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The Treasury Bank Behind Solyndra -- And Mortgage Bailouts

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In defending the federal government’s $528 million investment in the failed solar company Solyndra, as well as the Department of Energy’s expensive loan guarantee program, President Barack Obama said at a press conference today:

"We are not going to be duplicating the kind of system that they have in China where they are basically state-run banks giving money to state-run companies and ignoring losses and ignoring, you know, bad management."

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Not quite. The U.S. federal government actually does have a "state-run bank,” the Federal Financing Bank [FFB], that Congress and the White House direct to lend taxpayer funds to shaky, privately-run companies like Solyndra -- a practice that essentially is still "ignoring losses and ignoring, you know, bad management."

Taxpayers may not be aware that this little known bank run by the Treasury Dept .-- a bank that by law has unlimited access to taxpayer funds and is buried deep in the government’s financial statements -- sits at the center of the Solyndra controversy.

This Treasury-run bank has also been used to finance a mortgage bailout program launched under President George W. Bush that was initially meant to be paid for by bond investors in the private credit markets. But instead, taxpayers are shouldering the bill for this bailout program that only helped modify a fraction of the millions of mortgages under water.

"The FFB must by law provide funding for government programs, and by statute it must do so in a way to protect taxpayers. That means it must do so in a way that is as efficient and as inexpensive as possible," says a Treasury official. "The FFB doesn't direct or launch these programs. It is a funding mechanism that must finance them by law."

In fact, the FFB has been directed by all sorts of federal government agencies to finance pet projects that the White House or Congress want. That includes funding the White House’s ambitions of venture capitalism, where it invests seed (taxpayer) money in flimsy solar companies.

The FFB by statutory mandate also funds struggling operations like the U.S. Post Office. And years ago, the FFB was forced to lend $1.1 billion to shaky credit unions which had unwisely invested their funds in risky mortgage-backed securities.

This is an abuse of the public purse that is buried deep in the government’s financial statements.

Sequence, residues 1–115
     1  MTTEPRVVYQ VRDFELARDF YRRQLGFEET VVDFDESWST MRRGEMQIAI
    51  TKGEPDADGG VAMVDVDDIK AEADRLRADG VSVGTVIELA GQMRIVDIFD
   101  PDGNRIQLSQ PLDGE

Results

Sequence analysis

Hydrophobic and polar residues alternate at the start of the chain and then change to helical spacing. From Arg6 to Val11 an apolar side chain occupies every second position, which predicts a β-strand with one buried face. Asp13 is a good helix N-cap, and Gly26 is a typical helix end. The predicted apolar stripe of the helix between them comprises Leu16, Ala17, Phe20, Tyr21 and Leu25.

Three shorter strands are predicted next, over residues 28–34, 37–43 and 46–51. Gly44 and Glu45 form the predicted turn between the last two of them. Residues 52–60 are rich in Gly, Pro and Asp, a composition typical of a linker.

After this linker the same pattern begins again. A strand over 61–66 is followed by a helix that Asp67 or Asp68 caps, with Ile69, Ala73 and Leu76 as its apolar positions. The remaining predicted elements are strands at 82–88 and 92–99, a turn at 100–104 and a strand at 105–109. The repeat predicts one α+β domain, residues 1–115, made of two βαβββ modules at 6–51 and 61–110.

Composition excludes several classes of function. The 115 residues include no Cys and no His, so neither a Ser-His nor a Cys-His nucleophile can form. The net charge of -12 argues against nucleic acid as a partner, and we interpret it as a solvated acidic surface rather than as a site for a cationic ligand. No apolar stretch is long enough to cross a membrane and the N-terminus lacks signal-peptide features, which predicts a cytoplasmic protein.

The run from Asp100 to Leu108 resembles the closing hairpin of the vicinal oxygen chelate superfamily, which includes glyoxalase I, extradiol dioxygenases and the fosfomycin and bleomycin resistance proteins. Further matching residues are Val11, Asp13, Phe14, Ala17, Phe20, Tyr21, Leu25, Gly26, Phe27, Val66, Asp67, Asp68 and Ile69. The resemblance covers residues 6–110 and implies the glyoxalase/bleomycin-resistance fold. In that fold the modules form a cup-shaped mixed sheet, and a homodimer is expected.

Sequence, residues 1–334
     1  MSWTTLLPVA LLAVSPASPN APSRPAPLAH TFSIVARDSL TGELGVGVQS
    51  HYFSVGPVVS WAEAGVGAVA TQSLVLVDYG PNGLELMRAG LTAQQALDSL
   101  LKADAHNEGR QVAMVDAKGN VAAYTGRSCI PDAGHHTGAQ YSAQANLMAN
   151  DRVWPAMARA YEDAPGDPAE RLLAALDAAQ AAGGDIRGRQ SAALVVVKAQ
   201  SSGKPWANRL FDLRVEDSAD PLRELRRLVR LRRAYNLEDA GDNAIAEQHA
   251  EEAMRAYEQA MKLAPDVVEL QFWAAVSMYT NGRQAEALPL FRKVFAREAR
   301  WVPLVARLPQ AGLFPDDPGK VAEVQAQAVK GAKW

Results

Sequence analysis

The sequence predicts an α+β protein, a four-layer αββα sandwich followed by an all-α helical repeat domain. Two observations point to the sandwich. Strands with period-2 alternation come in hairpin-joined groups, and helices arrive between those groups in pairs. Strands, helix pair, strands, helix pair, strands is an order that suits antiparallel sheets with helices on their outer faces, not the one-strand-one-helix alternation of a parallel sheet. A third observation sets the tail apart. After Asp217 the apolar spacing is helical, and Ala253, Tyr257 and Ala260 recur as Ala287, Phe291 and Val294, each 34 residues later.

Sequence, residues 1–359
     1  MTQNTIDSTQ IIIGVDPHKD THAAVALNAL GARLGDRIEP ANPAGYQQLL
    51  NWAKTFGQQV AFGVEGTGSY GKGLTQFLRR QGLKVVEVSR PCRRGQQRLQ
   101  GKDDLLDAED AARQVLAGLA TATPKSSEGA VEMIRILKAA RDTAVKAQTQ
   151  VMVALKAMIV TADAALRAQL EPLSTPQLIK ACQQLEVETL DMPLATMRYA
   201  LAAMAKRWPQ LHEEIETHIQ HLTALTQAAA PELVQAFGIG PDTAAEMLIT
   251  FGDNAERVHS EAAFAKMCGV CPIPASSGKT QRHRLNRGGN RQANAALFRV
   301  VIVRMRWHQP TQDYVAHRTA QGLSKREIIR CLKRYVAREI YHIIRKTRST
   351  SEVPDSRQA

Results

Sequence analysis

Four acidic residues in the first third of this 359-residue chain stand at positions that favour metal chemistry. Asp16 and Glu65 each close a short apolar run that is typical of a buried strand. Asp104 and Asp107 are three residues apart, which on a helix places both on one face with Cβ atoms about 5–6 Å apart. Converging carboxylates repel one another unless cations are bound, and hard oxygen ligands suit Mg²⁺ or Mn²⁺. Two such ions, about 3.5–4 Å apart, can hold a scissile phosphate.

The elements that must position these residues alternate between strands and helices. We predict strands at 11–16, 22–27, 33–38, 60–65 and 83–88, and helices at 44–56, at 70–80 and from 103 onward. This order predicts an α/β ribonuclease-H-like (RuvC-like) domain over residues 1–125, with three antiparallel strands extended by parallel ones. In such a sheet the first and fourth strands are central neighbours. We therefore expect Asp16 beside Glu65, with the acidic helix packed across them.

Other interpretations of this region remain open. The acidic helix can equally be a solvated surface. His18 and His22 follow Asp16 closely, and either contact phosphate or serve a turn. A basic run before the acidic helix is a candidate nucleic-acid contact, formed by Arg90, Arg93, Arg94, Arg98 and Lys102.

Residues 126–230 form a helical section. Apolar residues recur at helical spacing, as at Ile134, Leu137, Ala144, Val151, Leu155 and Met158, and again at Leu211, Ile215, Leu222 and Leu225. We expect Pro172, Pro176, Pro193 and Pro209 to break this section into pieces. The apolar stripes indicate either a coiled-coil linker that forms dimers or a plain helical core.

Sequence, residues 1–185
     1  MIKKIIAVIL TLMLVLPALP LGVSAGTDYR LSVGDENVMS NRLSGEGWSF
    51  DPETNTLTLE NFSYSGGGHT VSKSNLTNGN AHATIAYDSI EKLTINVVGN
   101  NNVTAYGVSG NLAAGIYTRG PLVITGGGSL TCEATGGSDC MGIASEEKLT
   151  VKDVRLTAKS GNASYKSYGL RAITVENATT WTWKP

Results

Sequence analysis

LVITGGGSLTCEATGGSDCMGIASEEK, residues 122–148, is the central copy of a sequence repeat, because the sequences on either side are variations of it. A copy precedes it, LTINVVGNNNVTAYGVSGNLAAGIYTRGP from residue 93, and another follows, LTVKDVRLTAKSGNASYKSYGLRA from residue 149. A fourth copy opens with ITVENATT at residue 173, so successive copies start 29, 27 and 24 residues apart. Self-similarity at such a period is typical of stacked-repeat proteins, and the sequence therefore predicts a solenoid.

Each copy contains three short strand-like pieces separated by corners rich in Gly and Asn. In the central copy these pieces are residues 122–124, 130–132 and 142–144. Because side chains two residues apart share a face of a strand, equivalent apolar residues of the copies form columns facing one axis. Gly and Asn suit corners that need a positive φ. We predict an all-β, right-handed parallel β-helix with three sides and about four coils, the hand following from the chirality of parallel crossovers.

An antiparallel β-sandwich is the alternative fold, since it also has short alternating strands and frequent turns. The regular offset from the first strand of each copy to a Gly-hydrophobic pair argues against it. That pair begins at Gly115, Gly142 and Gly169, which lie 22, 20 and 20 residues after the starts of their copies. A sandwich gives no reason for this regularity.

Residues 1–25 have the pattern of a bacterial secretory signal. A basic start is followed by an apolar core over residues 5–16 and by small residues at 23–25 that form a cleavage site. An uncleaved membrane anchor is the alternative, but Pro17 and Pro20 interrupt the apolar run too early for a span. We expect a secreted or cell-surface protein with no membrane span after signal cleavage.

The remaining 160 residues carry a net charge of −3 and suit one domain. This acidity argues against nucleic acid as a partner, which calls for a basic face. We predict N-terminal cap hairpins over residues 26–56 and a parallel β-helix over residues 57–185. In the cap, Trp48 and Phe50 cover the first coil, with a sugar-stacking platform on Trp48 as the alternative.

All of this is unfair to the FFB, but again by law it must finance these projects. It doesn’t launch or direct these projects, and it must do all of this while trying to save taxpayers money. The FFB’s chairman of the board is usually the Treasury Secretary, and the bank’s board executives are Treasury officials.

“That is what the FFB must do under the law,” a Treasury official says in an interview.

Yet, when it comes to the FFB’s financing of the Bush mortgage bailout, there’s a difference between being a voluntary investor and an involuntary investor. In this instance, what Treasury did under the Bush Administration is determine it was easier and cheaper for it to sell these HOPE bonds directly to the FFB -- meaning to you, captive taxpayers, whether you like it or not.

Since it was launched in 1973 under the Nixon Administration, the Federal Financing Bank was supposed to be used to keep the government’s borrowing costs low. Shortly after 1973, the FFB helped finance a broad range of government operations, from agricultural to military programs.

Alice Rivlin, then director of the Congressional Budget Office, testified to Congress in 1983 that “the Federal Financing Bank was intended to be a neutral financial intermediary, lowering the government's interest costs but not otherwise affecting the budget.”

However, since then, the FFB has indeed affected the budget, as it has been used to provide cheap loans to the Energy Department’s green program, to date $1.9 billion worth, at times at microscopic 1% interest rates or less. The FFB went from a balance sheet in the tens of millions of dollars in the early ‘70s to $55.5 billion as of August 31, 2011.

Its taxpayer funds have gone to shaky green companies like Solyndra, where “no reputable venture capitalist would have invested,” says Ed Butowsky, managing partner at Chapwood Investments.

In fact, the FFB had little to no green financing on its books in 2008, but now has close to $2 billion worth, via the Energy Department’s loan guarantee program.

The FFB has also been used to give $11.5 billion in dirt-cheap loans charging just a quarter of a percent or less in interest to float the U.S. Post Office, which is estimated to post $10 billion in losses for this fiscal year. And the FFB has been used to buy the bonds issued in the HOPE mortgage bailout program.

Besides having access to unlimited Treasury (taxpayer) funds, this is what may give taxpayers pause. The 1973 law establishing the FFB, which has not been amended since, reads:

“The Bank is authorized to make commitments to purchase and sell, and to purchase and sell on terms and conditions determined by the Bank, any obligation which is issued, sold, or guaranteed by a federal agency.”

That essentially means the bank could buy any bond issued by any federal agency. And that’s a lot of bonds.

When asked about the use of the FFB to buy HOPE bonds, a Treasury official says the FFB by law exists to provide the least expensive financing in order to protect the U.S. taxpayer. “The decision was made to lower the costs for taxpayers,” the official says.

But to buy all of the bonds - and not just have taxpayers pay for just the yields on them instead, before they are redeemed?

Ask yourself if it is fiscally responsible to let the Treasury run a bank that is submarined deep in its budget statements, a bank that has helped the government round trip its borrowing and lending for shaky programs like the HOPE mortgage bailout, moves which in turn flood the zone with liquidity when the U.S. dollar is already getting pounded?

James B. Lebenthal of Lebenthal Asset Management, who says he supports Treasury Secretary Tim Geithner’s move to help the financial system and the economy, notes that he worries these moves at the FFB will add to inflation.

“The flooding of the system with liquidity – of which this is just one more of many steps all branches of the government have been taking,” Lebenthal says, which may lead to “the collapse of the dollar. What would be far more effective, though, would be to grow the damn economy, create jobs, and get the velocity of money flowing instead of just increasing the monetary base.”